Thousands march in Hong Kong over proposed extradition law change
HONG KONG: Thousands of people protested in Hong Kong yesterday against a government plan to change extradition laws, fearing an erosion of personal freedom and the city's status as an international business hub.
The government proposal would grant the city's leader executive power to send fugitives to jurisdictions not covered by existing arrangements, including mainland China and Taiwan.
Protest organisers said 12,000 people hit the streets yesterday, while police estimated the crowd at 5,200 at its peak.
"Hong Kong people all have to bear the negative consequence of this ordinance. This carries the risk of personal freedom being restricted," Mr Lam Wing Kee, a bookseller who said in 2016 he was detained by Chinese agents, told the crowd.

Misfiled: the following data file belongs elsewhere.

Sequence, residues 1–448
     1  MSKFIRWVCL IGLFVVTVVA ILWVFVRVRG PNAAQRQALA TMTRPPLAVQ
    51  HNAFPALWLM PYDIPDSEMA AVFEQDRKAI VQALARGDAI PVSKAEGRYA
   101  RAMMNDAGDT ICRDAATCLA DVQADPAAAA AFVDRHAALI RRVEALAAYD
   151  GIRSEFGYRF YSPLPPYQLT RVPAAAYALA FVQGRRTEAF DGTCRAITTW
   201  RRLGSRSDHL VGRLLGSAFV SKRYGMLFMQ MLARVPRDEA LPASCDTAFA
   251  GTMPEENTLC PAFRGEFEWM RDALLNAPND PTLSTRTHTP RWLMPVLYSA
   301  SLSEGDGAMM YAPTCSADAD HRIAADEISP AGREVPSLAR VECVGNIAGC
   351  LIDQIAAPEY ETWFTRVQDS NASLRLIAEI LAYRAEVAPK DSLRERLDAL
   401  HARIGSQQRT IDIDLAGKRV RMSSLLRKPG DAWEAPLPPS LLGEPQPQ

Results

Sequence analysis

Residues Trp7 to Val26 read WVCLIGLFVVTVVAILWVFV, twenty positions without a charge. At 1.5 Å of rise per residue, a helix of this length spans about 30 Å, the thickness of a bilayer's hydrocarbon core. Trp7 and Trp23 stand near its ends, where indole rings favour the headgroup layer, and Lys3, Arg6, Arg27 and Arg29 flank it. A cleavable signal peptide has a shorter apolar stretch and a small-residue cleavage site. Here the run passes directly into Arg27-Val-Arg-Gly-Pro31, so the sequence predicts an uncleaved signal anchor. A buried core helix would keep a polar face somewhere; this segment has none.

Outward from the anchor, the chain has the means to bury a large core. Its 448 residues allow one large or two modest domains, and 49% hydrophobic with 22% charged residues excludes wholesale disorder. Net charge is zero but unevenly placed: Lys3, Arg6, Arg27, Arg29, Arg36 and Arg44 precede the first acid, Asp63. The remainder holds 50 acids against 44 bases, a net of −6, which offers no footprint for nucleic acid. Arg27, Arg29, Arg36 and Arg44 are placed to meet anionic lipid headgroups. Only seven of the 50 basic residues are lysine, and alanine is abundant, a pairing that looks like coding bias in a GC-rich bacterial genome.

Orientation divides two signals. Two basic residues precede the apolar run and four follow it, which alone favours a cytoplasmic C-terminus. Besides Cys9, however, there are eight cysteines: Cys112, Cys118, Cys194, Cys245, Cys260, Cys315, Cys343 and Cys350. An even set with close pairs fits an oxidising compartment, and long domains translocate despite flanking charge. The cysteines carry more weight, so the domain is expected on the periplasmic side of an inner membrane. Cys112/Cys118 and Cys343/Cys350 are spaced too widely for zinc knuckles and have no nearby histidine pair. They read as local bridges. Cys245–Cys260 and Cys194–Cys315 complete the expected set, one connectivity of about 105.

The government said last week it will present the amendments to legislators on Wednesday.
The planned changes have been strongly opposed by some lawmakers, legal and rights groups who fear it could be exploited by Beijing's Communist Party leaders and hurt Hong Kong's judicial independence.
"We are gravely concerned that anyone extradited to China will be at risk of torture and other ill-treatment and other grave human rights violations," Amnesty International, Human Rights Watch and Hong Kong Human Rights Monitor wrote in an open letter to Ms Carrie Lam, the city's leader, yesterday.
Hong Kong's Secretary for Security John Lee told reporters last week the government had no plans to scrap the bill.
"It is not an easy decision, but it is a cautious, careful and serious decision," he said. - REUTERS
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